3. Google Search Console
The Google Search Console is a free utility provided by Google that makes it possible for you to take a look at how Google sees your site. Google is by far the most common utility that people use to search the web. If you can’t be found by Google, you’re not going to be found at all. On the Google Search Console home, you enter your domain. From there, you get analytics.
You’ll be able to see your performance over time, what people are searching for in terms of keywords, and more — all this can be used to optimize your site.
Today, Google optimization is about more than just putting keywords on a page; it’s about delivering complex, interesting, and unique content. Most sites are going to steadily perform better over time, because Google does rank its pages based on age. The older your page is, the more authority it’s perceived to have.
You can use Google Search Console along with Google Analytics for a fuller picture of your site. Google Analytics will give you information such as who is linking to your site and what anchor text they’re using, whereas the Google Search Console focuses mostly on optimizing it for SEO. You may also want to take a look at meta tags, such as meta titles and meta descriptions, to ensure that you’re being seen correctly on Google. You can also use Google’s utility to request that Google crawl and index your site again or upload site maps to make it more accessible.
4. Google Analytics API
Google Analytics is a service that tracks the analytics for your site. Google Ads is a service that lets you put ads up for your site on Google’s ad network (third-party sites) and Google itself (the search engine results page). Many use Google Analytics as a free traffic analytics service, while using Google Ads as an analytics service for paid advertising.
These APIs are methods of interfacing with the Google Analytics and Google Ads services. An API is a way that a third-party program can pull information from and add information to another program. So, a third-party analytics solution can draw data from Google Analytics and Google Ads from their respective APIs.
Once the data has been appropriately pulled, it can then be analyzed through a third-party solution. It’s critical to consolidate data to analyze it all together.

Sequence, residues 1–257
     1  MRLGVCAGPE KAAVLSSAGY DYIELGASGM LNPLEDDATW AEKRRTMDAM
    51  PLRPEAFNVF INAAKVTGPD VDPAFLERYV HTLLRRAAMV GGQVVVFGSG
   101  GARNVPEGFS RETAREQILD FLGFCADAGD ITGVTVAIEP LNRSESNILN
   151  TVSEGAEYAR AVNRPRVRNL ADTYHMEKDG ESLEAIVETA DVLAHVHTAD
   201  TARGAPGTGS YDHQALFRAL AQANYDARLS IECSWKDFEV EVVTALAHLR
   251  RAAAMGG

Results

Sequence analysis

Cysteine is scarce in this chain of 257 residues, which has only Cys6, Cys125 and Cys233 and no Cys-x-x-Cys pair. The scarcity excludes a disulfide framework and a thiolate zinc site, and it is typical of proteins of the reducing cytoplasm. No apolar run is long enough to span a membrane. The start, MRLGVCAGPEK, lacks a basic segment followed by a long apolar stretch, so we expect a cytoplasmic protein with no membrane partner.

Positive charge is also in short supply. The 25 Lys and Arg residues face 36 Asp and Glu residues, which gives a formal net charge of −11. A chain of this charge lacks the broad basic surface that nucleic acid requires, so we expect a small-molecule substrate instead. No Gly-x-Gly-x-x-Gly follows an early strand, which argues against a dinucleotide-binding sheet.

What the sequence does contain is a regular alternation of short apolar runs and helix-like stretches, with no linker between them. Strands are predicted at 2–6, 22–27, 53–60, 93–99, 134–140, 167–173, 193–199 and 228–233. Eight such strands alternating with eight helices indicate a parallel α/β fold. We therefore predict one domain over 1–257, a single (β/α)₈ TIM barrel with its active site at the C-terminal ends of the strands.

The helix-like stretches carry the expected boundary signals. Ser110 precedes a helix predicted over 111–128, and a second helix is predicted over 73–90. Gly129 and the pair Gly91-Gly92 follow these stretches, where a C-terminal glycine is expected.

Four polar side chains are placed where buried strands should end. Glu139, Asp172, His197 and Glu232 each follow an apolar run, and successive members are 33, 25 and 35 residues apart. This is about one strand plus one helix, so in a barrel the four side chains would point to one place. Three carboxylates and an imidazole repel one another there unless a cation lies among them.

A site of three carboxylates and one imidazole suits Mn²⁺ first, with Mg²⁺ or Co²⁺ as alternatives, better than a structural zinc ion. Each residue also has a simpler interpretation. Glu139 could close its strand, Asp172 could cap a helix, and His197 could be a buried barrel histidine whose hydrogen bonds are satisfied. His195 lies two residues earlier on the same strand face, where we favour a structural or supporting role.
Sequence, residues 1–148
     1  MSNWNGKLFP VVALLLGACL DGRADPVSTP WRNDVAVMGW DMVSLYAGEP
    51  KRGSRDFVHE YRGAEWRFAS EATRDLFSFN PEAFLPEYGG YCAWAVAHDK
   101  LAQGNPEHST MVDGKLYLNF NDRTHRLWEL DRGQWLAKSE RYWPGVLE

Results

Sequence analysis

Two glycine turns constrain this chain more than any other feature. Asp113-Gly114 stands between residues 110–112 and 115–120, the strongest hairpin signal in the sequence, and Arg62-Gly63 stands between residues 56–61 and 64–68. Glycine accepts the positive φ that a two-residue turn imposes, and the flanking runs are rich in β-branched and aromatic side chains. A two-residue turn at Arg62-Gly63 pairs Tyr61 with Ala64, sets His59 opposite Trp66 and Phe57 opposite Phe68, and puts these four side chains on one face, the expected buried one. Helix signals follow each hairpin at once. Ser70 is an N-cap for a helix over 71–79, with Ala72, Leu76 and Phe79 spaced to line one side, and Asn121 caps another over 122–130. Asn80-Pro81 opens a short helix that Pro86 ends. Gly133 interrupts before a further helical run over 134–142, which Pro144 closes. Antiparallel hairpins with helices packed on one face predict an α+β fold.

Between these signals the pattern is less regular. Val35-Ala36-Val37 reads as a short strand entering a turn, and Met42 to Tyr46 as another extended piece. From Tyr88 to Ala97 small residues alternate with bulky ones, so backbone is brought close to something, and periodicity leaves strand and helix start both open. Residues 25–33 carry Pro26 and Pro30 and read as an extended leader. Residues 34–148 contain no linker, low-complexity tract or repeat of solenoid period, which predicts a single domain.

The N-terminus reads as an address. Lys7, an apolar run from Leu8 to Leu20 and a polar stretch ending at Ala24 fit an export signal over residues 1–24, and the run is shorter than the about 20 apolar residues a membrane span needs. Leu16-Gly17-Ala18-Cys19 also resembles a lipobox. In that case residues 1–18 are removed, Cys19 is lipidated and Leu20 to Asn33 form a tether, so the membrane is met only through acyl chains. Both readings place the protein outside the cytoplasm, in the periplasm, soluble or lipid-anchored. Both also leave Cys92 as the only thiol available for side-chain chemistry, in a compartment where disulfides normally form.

Google Analytics can also be connected to Google Ads for an all-in-one Google analytics service, but that won’t collect information from other services, such as Facebook or other social media platforms. Because of this, many companies work with a centralized, consolidated information system.
5. Google Analytics Dashboard
Wondering how to use Google Analytics to its fullest? It starts with getting to know your Google Analytics dashboard. The Google Analytics dashboard is going to present you with all the information you need to know right now about your performance. That includes how your traffic is performing recently, how it’s performed in the past, what search results are leading to your page, and what links are leading to your site.
On the Google Analytics dashboard, you can click on practically anything to pare down to more specific information. You can change the dates, run comparisons, and look at the demographics of the people clicking on your links and searching for your site. You can see how certain keywords are performing on your site and you can see what high-authority sites have linked to you.
The Google Analytics dashboard is intended to be a consolidated dashboard that reports everything you need to know about your website’s performance, including things like bounce rates (how quickly people leave your site). It also includes information about how long people stay on your site and where they ultimately go on your site. You can see which pages are performing the best now — and which have performed the best over all time.
The Google Analytics dashboard is one of the most useful free tools available. But as a free tool, it still does have some limitations.
6. Facebook Insights
We’ve talked a lot about Google Ads and Google Analytics. But many people aren’t just using websites, they’re also using social media accounts. What about Facebook insights? Can you track your Facebook ads analytics in Google?
Facebook provides its own Facebook ads analytics and Facebook insights on its own pages. But you can also use a tracking code to ensure that your Google Analytics account recognizes when traffic came from your Facebook ads. At the same time, you’ll have to check Facebook insights to determine whether your ads are performing well internally.
Linking Facebook Insights and Google Analytics is a great idea if you’re using the Google Analytics service, because it will give you more information about how your Facebook account is working with your traffic and your buyer’s journeys. But it’s usually better to have an all-in-one ad solution. An all-in-one solution would also be able to bring in information from Facebook regarding how the campaigns are working internally, as well as connecting to other solutions such as Twitter and LinkedIn.
Even with Google Analytics tracking traffic sources to your site, you still have a ton of advertising metrics that need to be accounted for. And unfortunately, metrics from different ad platforms are defined differently and often biased to make the ad platform look better. Lumenad is an Advertising Intelligence platform that connects all of your data sources, transforms all of your metrics to speak the same language, provides organizational tools so you can slice and dice data any way you like, and includes powerful reporting functionality so you can optimize campaigns and have confidence in the accuracy of your data.